This is an image of the artwork titled ‘Ladder of Virtues’ by Herrad of Lansberg, a nun of Hohenburg Abbey. The artwork was contained in a medieval manuscript called the Hortus deliciarium until it was destroyed during a siege on Strasbourg, France in 1870 where the work was being held. Fortunately, it is possible to reconstruct parts of the manuscript because portions of it had been copied in various sources. The manuscript contained hundreds of images, as well as songs, poems and texts from classical and Arab writers. It was used as a training tool for young novices at the convent and was begun in 1167 and finished in 1185. The Ladder of Virtue shows men and women attempting to climb the ladder of virtue while being attacked by demons, causing them to fall from their righteous path to the heavens. Interestingly, the figure receiving the crown from God is a woman not a man, perhaps a nod from the artist to empower women. The artist displays a very basic concept of depth, showing that images farther away are smaller but not scaling them proportionally with the distance between them. Most of the negative space in the work is filled with text, giving a very cluttered feel to the work. The tone is very religious, and also evokes a fear of not making it to heaven. Many colours are present from the robes as well as the creatures and buildings in the artwork. The artist depicts movement in a very basic way by outreaching the hands of the figures from the bodies.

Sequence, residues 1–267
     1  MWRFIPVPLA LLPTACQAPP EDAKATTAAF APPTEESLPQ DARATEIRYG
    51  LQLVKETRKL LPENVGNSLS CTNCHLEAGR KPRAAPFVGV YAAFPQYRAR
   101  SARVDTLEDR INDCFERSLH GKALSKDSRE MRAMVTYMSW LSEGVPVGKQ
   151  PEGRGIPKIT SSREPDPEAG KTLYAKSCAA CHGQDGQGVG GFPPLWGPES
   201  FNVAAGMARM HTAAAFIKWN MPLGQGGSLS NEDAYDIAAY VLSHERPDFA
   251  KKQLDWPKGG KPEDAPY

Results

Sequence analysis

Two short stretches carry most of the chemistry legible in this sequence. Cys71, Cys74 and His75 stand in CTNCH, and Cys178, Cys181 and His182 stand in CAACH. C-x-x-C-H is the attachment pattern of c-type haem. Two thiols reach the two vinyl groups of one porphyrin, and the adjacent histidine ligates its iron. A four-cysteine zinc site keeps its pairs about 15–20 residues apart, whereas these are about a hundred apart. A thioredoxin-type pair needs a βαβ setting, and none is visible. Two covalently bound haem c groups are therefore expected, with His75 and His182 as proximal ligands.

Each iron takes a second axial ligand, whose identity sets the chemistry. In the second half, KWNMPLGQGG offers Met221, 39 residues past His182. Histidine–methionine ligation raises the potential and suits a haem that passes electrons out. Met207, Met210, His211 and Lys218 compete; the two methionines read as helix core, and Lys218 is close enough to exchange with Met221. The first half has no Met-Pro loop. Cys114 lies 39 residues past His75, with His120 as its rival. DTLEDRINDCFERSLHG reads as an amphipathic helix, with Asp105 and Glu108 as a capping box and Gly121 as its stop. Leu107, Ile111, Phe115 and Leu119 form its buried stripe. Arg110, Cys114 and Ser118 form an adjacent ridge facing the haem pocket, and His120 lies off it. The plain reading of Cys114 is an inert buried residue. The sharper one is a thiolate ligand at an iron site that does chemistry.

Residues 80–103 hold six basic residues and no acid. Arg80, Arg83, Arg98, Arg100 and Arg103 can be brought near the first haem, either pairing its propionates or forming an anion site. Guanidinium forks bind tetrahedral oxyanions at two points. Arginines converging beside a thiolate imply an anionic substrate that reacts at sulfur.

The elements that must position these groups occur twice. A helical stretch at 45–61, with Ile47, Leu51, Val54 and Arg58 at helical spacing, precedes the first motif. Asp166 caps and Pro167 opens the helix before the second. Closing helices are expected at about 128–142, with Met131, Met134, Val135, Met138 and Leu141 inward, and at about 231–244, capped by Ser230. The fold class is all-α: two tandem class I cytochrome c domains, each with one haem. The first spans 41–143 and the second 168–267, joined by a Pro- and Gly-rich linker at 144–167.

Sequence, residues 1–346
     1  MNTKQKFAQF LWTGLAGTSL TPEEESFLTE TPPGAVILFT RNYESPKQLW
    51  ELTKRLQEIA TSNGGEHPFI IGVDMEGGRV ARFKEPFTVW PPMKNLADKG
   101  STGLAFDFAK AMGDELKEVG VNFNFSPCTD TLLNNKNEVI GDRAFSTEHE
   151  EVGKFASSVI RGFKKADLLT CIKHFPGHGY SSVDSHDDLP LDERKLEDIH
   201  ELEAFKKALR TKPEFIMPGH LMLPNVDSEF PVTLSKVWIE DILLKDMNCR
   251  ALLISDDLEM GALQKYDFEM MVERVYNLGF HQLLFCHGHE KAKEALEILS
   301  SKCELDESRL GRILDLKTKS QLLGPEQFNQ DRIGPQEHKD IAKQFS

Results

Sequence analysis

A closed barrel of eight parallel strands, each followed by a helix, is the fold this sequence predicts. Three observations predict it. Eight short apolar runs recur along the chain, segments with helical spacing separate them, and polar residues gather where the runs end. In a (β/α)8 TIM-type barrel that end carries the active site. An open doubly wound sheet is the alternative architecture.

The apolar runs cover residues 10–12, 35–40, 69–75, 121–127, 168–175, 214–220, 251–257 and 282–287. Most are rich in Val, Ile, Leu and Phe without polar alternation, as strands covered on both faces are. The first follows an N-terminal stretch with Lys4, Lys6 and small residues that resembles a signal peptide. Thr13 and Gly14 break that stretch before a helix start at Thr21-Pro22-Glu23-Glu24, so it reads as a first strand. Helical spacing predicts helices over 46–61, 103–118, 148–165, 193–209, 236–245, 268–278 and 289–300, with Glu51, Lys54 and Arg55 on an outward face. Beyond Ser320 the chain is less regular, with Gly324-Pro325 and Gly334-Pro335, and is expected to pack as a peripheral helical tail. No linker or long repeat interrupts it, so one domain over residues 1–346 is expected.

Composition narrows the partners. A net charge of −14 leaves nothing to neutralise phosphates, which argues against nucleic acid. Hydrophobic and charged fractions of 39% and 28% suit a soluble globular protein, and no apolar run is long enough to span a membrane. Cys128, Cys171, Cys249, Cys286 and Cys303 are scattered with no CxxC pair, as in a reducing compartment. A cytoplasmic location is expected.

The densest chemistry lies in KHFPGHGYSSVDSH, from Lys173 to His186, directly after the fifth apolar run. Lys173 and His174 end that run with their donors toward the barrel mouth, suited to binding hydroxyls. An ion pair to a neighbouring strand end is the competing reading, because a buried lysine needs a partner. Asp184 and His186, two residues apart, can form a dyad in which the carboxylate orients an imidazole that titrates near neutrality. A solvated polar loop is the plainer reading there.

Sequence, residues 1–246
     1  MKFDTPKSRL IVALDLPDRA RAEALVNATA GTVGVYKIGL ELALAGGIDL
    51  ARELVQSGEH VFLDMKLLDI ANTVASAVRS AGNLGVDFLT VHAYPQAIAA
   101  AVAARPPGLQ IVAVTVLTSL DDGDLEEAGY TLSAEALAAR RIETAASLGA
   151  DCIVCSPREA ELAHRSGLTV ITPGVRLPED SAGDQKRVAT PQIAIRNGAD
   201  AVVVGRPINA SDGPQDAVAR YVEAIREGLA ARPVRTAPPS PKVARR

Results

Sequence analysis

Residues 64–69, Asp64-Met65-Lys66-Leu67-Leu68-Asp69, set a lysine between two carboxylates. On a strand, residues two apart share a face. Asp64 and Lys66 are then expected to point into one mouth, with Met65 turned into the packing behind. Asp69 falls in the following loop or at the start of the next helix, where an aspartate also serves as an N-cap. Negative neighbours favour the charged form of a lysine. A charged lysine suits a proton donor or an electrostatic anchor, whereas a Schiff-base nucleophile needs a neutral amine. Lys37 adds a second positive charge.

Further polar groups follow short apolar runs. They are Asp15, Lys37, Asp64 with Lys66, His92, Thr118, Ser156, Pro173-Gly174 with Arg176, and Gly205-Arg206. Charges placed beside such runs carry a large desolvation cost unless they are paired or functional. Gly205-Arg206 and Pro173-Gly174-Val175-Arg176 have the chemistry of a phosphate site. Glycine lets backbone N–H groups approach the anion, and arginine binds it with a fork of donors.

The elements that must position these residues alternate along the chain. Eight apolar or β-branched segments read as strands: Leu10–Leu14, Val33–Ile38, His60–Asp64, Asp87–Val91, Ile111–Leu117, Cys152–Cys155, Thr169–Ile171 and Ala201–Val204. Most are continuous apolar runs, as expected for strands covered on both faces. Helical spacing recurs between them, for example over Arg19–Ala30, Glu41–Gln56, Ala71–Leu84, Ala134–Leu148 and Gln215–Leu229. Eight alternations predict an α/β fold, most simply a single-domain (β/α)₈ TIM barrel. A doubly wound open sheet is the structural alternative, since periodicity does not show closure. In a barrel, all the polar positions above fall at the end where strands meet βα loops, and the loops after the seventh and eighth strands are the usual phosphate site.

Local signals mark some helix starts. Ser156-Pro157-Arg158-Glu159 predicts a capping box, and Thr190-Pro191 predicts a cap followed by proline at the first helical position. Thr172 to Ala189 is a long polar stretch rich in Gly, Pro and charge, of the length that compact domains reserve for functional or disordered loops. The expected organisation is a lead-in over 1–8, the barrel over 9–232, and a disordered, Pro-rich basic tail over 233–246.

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Image Credit: http://www.oberlin.edu/images/Art315/10644.JPG
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